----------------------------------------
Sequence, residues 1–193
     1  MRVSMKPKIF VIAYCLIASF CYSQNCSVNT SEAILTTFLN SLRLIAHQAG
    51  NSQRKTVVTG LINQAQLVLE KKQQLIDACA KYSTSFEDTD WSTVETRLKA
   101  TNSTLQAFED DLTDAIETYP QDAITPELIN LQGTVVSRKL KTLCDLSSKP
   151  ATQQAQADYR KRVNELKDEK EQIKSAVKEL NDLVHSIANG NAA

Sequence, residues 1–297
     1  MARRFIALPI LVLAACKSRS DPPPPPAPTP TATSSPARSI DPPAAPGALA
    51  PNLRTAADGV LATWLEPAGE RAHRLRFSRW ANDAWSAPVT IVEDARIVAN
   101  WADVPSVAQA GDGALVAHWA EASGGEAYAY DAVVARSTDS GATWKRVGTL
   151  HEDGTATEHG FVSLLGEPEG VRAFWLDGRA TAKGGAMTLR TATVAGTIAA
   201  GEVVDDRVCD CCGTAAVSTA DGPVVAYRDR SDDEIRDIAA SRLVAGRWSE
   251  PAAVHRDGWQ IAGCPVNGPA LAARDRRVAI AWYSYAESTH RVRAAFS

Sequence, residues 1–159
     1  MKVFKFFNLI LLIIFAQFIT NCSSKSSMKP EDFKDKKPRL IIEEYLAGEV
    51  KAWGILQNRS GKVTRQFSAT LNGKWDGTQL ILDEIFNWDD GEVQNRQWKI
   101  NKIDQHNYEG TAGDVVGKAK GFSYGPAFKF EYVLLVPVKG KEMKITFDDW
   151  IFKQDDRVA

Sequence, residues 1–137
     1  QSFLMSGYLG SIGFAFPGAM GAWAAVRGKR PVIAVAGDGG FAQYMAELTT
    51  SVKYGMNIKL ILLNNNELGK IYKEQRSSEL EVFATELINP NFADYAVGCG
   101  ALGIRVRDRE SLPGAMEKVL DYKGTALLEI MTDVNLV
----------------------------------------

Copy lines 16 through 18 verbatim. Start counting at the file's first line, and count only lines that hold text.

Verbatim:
   101  NKIDQHNYEG TAGDVVGKAK GFSYGPAFKF EYVLLVPVKG KEMKITFDDW
   151  IFKQDDRVA

Sequence, residues 1–137